Judge denies Edinburg man’s motion for new trial in murder case

 

EDINBURG — A 27-year-old Edinburg man sentenced in September to 50 years in prison for murder won’t get a new trial.

State District Judge Roberto “Bobby” Flores denied the motion after a hearing that lasted several hours Monday where Bernardo Garcia Jr. claimed his former attorneys failed to explore his “known mental illnesses,” among other claims centering around ineffective assistance.

Flores sentenced Garcia on Sept. 19 to five decades for his role in the shooting death of 26-year-old Edinburg resident Marquis Devon Holiday on July 29, 2017.

Garcia’s co-defendant, 33-year-old McAllen resident Mario Powell has entered a not guilty plea to capital murder and is scheduled for trial in late January.

The men were arrested after the shooting at 1014 Tori Lane in what police at the time called a drug deal gone wrong.

During Monday’s hearing, Norma Villanueva, a licensed social worker who has a doctorate in psychology, testified that Garcia suffered from post-traumatic stress syndrome that caused him to be unable to understand his plea agreement.

The PTSD is a result of an unverified kidnapping in Mexico when he was 16-years-old.

In an affidavit, Garcia claims members of a drug cartel kidnapped him, put a bag over his head and handcuffed him.

“I was driven to an unknown location when they took my head cover off. I saw several dead people inside this location,” Garcia said in his affidavit. “The men told me that they were going to get rid of my body in the same way they were going to get rid of those dead bodies — by throwing me into the acid bin.”

He claims to have been tortured before eventually being released.

“After that experience, I began having flashbacks to that day, feeling as though people were after me or were going to hurt me even though they were not going to,” Garcia said in the affidavit.

Villanueva testified that PTSD and Garcia’s drug use, which began at the age of 14 and included marijuana, alcohol, Xanax, heroin, crack cocaine and other drugs, impacted his cognitive function.

She told the court Garcia appeared confused about the plea when he spoke to her.

However, Villanueva also admitted she only spent 90 minutes interviewing Garcia, that she did not verify the Mexico kidnapping claim and that she had not reviewed any of Garcia’s former attorneys’ files from the case.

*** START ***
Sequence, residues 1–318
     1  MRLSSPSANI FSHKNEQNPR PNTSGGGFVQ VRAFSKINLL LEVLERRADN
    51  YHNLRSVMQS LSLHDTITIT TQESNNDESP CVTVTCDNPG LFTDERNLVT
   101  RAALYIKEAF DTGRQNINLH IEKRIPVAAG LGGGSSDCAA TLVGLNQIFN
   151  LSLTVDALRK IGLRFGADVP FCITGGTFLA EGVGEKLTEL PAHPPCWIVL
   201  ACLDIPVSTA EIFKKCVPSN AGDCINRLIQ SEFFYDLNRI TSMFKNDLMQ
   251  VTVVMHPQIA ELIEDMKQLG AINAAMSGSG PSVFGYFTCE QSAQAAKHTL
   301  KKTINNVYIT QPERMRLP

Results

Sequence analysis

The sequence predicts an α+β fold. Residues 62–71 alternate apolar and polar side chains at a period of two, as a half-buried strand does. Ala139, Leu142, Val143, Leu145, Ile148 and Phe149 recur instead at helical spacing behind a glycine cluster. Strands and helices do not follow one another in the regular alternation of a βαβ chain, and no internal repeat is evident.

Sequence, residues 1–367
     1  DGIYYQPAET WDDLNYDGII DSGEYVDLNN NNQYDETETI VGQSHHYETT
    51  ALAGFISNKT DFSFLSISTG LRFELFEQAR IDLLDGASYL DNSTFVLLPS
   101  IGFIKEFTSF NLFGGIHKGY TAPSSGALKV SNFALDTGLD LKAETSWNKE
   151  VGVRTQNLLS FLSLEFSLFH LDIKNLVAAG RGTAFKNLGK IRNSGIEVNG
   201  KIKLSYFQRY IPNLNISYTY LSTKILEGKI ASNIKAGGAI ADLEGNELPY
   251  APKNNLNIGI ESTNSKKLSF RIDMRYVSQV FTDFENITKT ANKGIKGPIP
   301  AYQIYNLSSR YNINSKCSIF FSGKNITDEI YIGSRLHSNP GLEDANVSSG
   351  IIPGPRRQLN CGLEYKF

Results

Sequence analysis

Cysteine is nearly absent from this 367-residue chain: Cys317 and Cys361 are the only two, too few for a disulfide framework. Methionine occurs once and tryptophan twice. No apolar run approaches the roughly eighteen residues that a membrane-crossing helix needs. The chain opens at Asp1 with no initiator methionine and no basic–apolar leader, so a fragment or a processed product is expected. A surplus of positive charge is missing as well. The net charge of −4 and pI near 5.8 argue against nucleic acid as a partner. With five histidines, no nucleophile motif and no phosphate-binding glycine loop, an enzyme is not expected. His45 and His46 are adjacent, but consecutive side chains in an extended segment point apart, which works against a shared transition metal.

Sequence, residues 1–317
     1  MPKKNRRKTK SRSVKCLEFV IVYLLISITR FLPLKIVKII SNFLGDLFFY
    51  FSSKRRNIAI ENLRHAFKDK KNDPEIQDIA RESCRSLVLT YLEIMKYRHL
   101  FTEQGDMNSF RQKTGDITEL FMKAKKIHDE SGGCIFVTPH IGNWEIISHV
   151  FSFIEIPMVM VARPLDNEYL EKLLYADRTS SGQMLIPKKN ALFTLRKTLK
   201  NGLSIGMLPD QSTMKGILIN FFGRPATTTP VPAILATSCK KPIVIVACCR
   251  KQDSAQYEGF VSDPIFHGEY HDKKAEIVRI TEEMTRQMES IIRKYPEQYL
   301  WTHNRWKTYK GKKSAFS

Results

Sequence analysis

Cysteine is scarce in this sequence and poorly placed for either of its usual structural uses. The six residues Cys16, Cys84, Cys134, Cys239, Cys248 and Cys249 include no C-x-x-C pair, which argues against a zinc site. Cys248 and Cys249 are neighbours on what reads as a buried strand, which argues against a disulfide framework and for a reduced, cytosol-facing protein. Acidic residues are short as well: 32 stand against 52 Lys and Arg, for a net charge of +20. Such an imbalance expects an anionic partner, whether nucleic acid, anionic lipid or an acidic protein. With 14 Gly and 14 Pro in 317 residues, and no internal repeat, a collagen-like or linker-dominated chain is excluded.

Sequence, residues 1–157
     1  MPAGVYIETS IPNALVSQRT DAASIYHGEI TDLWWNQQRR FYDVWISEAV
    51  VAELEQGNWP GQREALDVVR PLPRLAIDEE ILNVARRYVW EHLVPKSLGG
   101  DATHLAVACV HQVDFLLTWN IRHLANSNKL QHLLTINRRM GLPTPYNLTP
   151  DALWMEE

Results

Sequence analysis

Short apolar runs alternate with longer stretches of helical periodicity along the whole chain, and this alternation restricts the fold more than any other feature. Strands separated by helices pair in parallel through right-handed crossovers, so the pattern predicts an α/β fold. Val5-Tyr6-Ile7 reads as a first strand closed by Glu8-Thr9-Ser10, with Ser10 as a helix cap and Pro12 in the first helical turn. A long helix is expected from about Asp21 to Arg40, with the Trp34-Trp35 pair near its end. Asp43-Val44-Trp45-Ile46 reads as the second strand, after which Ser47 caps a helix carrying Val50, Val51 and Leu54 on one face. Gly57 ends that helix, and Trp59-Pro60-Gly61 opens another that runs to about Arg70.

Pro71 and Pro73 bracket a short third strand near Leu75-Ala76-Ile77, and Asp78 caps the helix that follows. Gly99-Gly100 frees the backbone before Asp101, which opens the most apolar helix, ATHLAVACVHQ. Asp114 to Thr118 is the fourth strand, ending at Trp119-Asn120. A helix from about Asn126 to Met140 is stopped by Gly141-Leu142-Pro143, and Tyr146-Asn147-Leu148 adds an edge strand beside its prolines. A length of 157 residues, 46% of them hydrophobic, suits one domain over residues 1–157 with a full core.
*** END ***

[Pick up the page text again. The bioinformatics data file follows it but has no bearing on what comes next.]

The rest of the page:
Those attorneys, Roy Garza and Mario Ramirez, also testified at Monday’s hearings.

Through his attorney, Ricardo “Rick” Salinas, Garcia levied a multitude of allegations against the men, claiming they rarely visited him and failed to show him numerous pieces of evidence, including photos and surveillance videos.

“Mr. Garcia could not make an informed decision on whether to plead guilty because he did not know all of the evidence that existed against him,” the motion stated.

On Monday, however, Salinas spent much of his time questioning the attorneys about why they didn’t pursue a self defense theory.

Garza and Ramirez said there wasn’t a viable self defense theory based on the facts of the case, including that Holiday was not armed and was apparently passed out before the shooting.

Both men also admitted Garcia admitted to the shooting, though their testimony clarified that he admitted to shooting in the air.

“Additionally, Mr. Garcia’s attorney’s failed to explore whether Mr. Garcia is mentally competent or whether he has a viable insanity defense,” the motion for a new trial stated.

The men also said they found Garcia to be mentally competent in their meetings with him throughout the proceedings.

In his affidavit, Garcia echoed those allegations, including complaining that the attorneys never advised him about parole.

“Had I known that getting out at 25 years was only possible but not guaranteed, I would never have accepted the plea deal,” Garcia wrote. “Had my lawyers given me proper representation by properly advising me about parole, providing me the evidence that the State had, and pursuing issues arising out of my mental health issue, I would never have plead guilty and waived my right to appeal.”

Garza testified he told Garcia he “probably” would have to serve 25 years.

Both he and Ramirez also testified that Garcia told them he didn’t want to go to trial and that they counseled him on his plea.

Even Flores, the judge, recalled the hearing where he accepted the plea, remarking that he went through the agreement with Garcia step-by-step.

As for that affidavit, when asked what was incorrect in it, Garza was concise.

“Everything,” he said.

mreagan@themonitor.com